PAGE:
While Google changed the way users find content, Google Analytics revolutionized the way webmasters manage their websites.
Years ago, before website analytics had evolved to its current state, webmasters and site owners had to rely on the infamously un-helpful hit counter or complicated server-side statistics to tell them what pages were preforming well on their site and what content was bringing in visitors.
Google Analytics introduced a series of innovative new metrics, a vast improvement over other website analytics tools in existence, that allowed individuals unprecedented access to information essential for shaping their websites.
1) Measuring conversions and goals – What good is traffic if your visitors aren’t doing what you want them to do? Whether you’re trying to build a mailing list or close a sale, seeing how successful or unsuccessful you are at that goal can help you identify growth opportunities. Google Analytics allows you to see how often you are able to drive a new visitor to your sign-up or purchase page, how often you can convince the shopper to look at a related item and any other goal you may have. If these numbers are underwhelming, it may be a sign that you’ve got broken code preventing users from completing a sign-up or poor design not leading potential clients to the right area.
2) Tracking return visitors – For many sites, return visitors are crucial for growth. By tracking return visitors, you can identify how well your site resonates and how passionate your audience is. This also allows you to tailor ad campaigns on your site. Sites with few return visitors and high volumes of new visitors may benefit from a more general bombardment, while sites with highly loyal visitors will be more attracted to ads tailored to their interests.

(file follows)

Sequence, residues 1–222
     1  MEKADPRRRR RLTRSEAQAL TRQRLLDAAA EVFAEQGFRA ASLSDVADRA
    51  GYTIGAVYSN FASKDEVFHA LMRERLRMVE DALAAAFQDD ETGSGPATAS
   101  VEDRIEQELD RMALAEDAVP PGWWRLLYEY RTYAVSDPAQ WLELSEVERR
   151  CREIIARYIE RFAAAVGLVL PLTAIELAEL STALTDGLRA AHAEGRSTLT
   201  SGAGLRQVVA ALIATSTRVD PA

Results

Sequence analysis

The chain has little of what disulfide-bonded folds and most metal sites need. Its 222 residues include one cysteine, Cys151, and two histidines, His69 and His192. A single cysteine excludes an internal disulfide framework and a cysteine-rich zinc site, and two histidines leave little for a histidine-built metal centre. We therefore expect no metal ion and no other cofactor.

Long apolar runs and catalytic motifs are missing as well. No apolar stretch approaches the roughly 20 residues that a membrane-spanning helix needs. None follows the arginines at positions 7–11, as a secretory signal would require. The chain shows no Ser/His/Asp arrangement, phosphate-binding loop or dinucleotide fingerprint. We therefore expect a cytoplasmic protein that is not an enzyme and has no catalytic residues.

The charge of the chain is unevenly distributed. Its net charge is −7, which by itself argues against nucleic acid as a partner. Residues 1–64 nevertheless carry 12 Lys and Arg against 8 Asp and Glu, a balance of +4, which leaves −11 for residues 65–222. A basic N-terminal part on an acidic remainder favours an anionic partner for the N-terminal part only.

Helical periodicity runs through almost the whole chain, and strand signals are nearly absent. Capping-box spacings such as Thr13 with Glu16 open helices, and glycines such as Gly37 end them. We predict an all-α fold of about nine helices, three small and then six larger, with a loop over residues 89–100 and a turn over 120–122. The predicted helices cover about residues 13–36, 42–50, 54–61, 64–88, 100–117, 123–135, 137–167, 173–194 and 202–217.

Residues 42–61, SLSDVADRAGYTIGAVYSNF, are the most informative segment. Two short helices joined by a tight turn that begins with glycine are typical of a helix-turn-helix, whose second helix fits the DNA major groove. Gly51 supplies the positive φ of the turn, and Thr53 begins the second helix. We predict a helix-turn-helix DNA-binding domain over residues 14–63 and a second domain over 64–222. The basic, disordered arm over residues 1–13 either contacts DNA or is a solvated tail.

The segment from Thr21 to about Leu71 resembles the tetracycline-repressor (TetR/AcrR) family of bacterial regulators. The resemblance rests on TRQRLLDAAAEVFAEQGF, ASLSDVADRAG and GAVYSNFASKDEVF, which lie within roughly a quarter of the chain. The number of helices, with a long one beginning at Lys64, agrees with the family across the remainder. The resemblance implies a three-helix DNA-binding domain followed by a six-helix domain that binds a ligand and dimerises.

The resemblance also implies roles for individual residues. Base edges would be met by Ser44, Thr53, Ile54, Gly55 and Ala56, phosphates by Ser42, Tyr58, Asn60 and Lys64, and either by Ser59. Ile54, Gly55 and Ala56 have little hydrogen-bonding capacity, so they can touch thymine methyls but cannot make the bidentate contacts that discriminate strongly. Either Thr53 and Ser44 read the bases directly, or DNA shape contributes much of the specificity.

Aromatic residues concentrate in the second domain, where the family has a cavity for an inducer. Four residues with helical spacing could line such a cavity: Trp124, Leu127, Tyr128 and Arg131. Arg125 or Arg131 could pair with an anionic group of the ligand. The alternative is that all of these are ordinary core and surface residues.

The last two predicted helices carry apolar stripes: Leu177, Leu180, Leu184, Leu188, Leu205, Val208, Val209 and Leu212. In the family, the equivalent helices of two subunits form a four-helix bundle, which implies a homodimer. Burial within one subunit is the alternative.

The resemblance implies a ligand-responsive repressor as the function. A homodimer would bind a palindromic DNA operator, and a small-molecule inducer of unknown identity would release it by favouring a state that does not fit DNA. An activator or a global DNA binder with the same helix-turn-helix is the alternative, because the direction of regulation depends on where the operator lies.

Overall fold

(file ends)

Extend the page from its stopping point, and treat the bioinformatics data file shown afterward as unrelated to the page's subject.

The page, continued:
3) Seeing how “sticky” your site is – Another important use is tracking your site’s “sticky” factor, or the average number of pages a visitor views. Identifying what landing pages are a theoretical dead end for visitors is one great way to identify areas requiring better links to related content. If your website analytics show that most visitors only visit one page, you can evaluate your page structure and break long articles into multiple pages to improve ad exposure.
4) Recognizing and monetizing your most popular content – Knowing what pages are the most popular also means knowing which pages are the most potentially profitable. Ads on popular pages can fetch a premium, and may also be a sign of what content visitors to your site are craving.
5) Identifying keywords that drive traffic – Keywords are essential for truly understanding your visitors. If you don’t see traffic from keywords you want, website owners are able to create content and drive SEO efforts to increasing traffic concerning those keywords. You can also see what phrases are successfully bringing in visitors that complete sales or perform other goals.
As you can see, website analytics offer webmasters unprecedented insight into their visitors patterns and behaviors, and Google Analytics expertly delivers this data and provides a number of metrics used by site owners to increase traffic, close sales, and keep visitors on their site.